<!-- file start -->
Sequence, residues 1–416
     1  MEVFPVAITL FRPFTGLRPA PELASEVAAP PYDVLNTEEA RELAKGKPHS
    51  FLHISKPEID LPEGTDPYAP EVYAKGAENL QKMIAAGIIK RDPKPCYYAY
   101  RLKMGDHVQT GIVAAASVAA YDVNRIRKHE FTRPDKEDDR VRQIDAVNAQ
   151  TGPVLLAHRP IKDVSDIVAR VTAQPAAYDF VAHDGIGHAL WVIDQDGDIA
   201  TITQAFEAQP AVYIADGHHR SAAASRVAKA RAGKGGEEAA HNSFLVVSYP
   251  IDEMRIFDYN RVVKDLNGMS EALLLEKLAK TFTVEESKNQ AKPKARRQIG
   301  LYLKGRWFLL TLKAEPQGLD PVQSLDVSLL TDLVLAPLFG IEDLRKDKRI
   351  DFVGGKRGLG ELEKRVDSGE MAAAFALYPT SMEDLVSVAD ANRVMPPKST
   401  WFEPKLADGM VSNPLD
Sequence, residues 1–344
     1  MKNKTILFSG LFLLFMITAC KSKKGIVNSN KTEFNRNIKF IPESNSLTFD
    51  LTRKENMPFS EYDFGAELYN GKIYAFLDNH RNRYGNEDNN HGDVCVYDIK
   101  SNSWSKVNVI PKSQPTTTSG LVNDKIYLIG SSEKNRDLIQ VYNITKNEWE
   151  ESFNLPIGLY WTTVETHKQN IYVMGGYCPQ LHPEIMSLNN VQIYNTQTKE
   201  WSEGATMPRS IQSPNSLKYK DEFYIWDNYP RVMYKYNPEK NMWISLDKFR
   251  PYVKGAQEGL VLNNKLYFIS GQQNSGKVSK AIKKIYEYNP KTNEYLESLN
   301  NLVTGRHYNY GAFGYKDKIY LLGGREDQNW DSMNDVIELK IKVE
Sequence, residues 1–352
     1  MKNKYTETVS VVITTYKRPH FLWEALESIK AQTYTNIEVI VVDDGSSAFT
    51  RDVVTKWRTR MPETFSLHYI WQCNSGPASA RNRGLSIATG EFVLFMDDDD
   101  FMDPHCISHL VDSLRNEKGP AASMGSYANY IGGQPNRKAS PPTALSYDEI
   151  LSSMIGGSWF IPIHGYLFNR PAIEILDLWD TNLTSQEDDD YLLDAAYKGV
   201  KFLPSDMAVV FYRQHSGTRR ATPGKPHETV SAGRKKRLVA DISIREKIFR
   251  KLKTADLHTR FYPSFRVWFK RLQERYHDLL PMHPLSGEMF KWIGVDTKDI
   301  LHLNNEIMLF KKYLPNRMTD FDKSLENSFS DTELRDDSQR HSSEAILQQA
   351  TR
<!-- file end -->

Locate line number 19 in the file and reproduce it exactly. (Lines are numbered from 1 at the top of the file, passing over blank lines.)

Sequence, residues 1–352